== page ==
jeudi 20 septembre 2012

The role of Iraqi Kurdistan in the Syrian-Kurd Pursuit of Autonomy

Aljazeera Center of Studies


The role of Iraqi Kurdistan in the Syrian-Kurd Pursuit of Autonomy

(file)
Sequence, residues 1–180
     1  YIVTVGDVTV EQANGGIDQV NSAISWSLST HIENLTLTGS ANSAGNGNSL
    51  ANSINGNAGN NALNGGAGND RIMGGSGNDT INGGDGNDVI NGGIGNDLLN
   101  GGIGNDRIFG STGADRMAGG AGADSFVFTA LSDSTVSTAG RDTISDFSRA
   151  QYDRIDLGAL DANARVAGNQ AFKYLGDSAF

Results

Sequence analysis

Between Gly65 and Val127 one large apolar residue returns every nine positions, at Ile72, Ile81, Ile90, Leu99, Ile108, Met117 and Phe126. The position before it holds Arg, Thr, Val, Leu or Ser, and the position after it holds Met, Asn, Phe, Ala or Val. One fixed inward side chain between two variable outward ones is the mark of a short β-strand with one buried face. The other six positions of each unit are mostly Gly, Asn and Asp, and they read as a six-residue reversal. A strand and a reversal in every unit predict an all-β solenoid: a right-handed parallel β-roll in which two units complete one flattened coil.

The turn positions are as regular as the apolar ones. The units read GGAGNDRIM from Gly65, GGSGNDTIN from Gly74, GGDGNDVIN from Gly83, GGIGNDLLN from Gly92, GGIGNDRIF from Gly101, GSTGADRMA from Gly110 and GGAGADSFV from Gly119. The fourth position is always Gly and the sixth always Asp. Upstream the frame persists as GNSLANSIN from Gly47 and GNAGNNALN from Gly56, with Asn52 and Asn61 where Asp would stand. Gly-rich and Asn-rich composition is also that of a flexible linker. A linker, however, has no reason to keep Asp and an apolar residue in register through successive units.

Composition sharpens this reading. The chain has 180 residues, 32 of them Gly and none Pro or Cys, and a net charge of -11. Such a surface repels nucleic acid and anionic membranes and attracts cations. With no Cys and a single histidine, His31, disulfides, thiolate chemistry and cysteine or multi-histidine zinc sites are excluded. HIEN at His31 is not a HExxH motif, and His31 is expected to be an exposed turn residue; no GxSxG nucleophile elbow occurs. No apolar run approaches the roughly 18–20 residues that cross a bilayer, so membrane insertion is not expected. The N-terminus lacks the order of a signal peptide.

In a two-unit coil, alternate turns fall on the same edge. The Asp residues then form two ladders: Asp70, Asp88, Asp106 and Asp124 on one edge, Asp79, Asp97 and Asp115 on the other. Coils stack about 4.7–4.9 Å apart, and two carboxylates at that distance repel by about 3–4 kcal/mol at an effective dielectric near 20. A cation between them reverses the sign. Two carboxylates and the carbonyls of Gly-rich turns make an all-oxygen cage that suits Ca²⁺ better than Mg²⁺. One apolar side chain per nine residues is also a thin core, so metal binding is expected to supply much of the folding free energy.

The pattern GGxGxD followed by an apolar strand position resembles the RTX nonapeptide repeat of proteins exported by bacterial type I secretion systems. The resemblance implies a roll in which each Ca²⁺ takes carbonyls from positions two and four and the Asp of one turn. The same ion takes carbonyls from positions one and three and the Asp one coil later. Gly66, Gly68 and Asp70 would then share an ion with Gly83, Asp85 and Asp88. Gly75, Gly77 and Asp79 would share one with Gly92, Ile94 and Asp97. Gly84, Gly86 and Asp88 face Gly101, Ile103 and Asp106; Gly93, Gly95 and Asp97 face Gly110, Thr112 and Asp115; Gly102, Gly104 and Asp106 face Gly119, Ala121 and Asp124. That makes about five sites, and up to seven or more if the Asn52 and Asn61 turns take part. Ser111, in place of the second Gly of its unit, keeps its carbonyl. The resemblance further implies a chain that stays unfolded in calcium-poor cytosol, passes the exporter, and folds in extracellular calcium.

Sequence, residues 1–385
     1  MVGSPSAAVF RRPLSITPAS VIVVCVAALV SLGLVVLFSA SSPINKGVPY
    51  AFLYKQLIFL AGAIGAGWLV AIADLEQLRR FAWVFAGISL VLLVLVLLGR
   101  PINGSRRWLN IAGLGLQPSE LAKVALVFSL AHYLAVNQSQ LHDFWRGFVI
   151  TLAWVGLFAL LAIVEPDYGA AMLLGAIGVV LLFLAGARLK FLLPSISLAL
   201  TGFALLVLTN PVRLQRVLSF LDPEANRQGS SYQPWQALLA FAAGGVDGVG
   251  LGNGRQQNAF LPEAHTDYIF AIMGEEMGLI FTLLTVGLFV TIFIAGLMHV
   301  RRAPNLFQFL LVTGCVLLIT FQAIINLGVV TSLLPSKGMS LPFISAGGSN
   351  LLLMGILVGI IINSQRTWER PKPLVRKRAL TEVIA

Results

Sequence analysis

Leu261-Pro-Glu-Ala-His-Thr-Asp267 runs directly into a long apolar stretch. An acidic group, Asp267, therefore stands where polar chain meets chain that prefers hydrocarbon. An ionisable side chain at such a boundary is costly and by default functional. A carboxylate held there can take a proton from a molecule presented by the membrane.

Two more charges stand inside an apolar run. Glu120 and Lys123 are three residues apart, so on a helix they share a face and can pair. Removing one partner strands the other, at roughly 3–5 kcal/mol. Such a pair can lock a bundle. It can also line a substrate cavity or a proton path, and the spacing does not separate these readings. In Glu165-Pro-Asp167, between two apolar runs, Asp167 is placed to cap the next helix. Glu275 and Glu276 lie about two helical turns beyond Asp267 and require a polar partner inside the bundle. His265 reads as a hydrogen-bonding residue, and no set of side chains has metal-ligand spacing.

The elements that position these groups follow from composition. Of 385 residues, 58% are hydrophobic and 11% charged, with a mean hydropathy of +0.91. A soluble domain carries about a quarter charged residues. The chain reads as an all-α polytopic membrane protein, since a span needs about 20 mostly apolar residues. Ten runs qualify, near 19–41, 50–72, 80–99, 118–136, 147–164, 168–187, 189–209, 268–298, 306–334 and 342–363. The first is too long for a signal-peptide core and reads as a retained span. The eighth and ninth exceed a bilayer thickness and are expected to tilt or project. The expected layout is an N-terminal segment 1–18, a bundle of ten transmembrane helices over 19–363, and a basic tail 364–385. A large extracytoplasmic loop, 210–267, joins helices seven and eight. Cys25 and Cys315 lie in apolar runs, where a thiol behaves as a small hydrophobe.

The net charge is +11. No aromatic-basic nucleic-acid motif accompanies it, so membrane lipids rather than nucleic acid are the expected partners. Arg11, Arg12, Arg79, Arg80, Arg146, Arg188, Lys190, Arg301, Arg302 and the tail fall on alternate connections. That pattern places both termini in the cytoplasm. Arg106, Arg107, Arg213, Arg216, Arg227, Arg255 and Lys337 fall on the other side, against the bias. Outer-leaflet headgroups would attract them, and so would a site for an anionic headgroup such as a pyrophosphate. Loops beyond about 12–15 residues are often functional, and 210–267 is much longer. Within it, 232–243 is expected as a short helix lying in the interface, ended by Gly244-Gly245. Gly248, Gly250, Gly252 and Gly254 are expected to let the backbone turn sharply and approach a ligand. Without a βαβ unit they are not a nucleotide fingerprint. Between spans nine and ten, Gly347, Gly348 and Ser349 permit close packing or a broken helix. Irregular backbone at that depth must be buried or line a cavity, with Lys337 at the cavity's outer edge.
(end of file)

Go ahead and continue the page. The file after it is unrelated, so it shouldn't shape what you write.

The green, white, and red flag with a centered star has been flying high in the Kurdish areas of Syria since President Bashar al-Assad withdrew government forces.1There is, in fact, a tacit agreement between Assad and the Syrian Kurds; the latter are free to act, as long as they do not attack Damascusi Since they liberated their cities, the Syrian Kurds have had their first taste of autonomy and have prevented both government and Free Syrian Army troops from entering the territory. They are guided by the example of strong and autonomous Iraqi Kurdistan, which has been emerging since 1991, and they are preparing to ensure their own rights in a post-Assad Syria. This opportunity, however, is tempered by anxiety. With the diplomatic brokering led by Iraqi Kurd President Massoud Barzani, the two main Syrian Kurdish groups (formerly bitter rivals), namely, the Kurdistan National Council (KNC) and the Syrian Democratic Union Party (PYD), have unified to form the Supreme Kurdish Council, much like the rivaling Iraqi Kurd groups, the KDP and the PKK, did after gaining autonomy. The calls for a pan-Kurdish ‘Greater Kurdistan’ – a joining of the Syrian and Iraqi movements into a single entity – however, are low.

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